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The Mind of the Criminally Insane

             This paper will examine the mind of the criminally insane. When examining the criminally insane, many factors must be considered. First, mental health diseases and their symptoms will be examined. The development of these diseases could be genetic, or triggered environmentally, emotionally, or physically. This paper will also examine different cases in which the insanity plea was implied. This paper will give the reader insight on who should be found insane. Finally, the paper will conclude if we should consider the insanity plea.
             Keywords: criminally insane, mental health diseases, triggers, case study.
             Should the Insanity Plea Be Considered?.
             Mental illness has played a major part in the criminal system. It is a mysterious field of forensics, because no one knows what the criminal is thinking. That's why forensics calls upon psychology. Forensic Psychology is a field that deals with both the law and psychology. Typical functions performed within forensic psychology include the following: Competency evaluations, sentencing recommendations, evaluations of the risk of the reoffending, testimony as an expert witness, child custody evaluations, etc. Forensic psychologists must evaluate the offender from his childhood as well, in order to understand his/her background. Even yet, some offenders use the insanity plea to escape the harsh punishments that are soon to come. Should the mentally ill be treated, or cast away with every other criminal? Should the insanity plea even be considered? In the most extreme cases, yes, but not for someone who has an insane moment. .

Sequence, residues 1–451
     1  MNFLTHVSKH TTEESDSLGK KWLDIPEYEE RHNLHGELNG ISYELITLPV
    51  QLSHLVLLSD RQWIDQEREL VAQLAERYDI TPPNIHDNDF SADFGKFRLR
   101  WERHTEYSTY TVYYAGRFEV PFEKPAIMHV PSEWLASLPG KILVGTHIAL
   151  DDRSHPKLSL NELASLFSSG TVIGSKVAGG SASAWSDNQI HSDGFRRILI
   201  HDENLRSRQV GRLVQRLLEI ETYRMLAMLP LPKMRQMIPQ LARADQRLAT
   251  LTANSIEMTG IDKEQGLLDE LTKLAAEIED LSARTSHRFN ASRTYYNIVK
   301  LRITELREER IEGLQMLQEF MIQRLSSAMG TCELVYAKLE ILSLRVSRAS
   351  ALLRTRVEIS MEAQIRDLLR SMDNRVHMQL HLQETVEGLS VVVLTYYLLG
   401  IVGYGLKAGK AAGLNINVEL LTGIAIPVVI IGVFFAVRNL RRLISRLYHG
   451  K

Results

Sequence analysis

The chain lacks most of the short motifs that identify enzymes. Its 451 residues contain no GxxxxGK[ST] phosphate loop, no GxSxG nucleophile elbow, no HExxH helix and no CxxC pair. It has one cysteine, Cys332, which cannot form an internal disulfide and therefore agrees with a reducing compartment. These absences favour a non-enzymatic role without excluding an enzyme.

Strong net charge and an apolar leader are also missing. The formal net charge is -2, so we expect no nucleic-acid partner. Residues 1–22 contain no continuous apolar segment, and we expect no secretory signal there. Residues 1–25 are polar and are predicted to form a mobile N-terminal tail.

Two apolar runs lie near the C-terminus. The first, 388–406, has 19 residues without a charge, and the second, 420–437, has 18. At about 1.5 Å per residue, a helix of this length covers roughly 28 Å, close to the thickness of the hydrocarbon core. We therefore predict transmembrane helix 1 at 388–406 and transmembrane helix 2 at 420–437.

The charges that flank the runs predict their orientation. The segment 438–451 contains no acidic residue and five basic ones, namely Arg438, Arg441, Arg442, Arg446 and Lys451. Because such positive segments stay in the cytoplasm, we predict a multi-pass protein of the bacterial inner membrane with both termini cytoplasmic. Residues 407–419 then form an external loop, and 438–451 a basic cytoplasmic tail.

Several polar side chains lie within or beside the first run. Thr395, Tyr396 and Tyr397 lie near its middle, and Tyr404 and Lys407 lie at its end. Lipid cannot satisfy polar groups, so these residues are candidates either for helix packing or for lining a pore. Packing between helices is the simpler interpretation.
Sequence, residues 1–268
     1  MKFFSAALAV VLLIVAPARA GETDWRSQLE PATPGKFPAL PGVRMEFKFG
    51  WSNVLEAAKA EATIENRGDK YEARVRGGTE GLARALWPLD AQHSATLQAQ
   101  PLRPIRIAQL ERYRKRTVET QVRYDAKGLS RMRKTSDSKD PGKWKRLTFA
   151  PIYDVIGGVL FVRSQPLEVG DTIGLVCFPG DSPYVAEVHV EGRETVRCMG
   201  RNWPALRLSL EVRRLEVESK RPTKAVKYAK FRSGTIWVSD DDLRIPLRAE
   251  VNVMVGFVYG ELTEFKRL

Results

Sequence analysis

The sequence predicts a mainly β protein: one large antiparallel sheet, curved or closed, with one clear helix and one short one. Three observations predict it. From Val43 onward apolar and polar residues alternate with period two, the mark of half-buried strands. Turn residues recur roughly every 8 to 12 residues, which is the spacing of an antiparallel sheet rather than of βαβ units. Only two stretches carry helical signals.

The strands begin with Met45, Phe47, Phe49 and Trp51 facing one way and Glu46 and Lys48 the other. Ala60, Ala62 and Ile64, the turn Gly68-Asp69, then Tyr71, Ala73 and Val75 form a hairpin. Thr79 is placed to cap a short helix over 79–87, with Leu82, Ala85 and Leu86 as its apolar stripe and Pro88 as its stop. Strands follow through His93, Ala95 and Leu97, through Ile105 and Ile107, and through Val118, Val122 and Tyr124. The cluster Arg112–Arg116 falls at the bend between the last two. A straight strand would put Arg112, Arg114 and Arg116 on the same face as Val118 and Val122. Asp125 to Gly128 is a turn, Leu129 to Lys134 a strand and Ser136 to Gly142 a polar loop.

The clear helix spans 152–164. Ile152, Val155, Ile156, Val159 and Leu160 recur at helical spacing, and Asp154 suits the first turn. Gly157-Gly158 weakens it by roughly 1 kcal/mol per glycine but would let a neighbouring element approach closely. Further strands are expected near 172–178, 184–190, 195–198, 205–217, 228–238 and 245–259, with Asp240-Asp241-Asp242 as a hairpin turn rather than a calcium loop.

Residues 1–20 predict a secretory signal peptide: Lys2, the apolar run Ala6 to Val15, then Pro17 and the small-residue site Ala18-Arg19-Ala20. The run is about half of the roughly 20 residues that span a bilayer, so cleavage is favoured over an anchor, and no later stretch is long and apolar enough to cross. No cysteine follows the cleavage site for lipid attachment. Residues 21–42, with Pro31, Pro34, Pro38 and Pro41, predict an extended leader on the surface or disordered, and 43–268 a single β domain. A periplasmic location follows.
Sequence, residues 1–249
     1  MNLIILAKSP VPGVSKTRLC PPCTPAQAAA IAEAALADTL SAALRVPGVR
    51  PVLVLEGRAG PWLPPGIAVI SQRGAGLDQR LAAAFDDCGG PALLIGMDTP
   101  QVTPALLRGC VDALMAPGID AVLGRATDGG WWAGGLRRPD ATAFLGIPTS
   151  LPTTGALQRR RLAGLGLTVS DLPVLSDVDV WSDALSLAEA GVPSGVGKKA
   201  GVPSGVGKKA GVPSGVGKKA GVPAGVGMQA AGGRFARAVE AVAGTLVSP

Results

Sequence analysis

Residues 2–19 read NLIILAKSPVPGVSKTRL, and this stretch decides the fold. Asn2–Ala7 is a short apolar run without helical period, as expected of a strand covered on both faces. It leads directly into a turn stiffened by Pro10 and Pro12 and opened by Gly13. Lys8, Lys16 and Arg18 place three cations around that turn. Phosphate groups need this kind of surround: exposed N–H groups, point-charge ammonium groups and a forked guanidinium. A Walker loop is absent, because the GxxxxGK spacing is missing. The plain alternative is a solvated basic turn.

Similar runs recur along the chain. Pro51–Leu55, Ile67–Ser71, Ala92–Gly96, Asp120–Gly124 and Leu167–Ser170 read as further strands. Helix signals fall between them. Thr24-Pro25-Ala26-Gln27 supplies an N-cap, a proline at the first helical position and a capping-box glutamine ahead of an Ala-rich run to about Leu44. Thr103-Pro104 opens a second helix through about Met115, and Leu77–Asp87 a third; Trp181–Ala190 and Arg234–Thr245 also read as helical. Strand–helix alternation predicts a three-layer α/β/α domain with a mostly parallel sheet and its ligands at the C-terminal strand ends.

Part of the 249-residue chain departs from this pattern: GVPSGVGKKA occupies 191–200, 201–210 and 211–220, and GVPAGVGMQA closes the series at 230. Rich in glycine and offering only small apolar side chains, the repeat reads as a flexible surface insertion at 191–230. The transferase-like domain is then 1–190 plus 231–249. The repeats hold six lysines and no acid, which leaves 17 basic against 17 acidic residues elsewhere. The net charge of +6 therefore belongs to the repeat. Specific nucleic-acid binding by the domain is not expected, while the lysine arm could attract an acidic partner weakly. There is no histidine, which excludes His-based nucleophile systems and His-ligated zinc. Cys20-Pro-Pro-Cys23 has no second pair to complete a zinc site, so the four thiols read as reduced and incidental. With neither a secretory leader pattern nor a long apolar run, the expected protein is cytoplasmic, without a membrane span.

Criminal Insanity in Court.
             In criminal trials, the insanity defense is where the defendant claims he/she is not responsible for their actions due to mental health problems. The insanity defense is based on evaluations by forensic psychologists with the appropriate test according to the jurisdiction. Their testimony guides the jury, but they are not allowed to testify to the accused's criminal responsibility.

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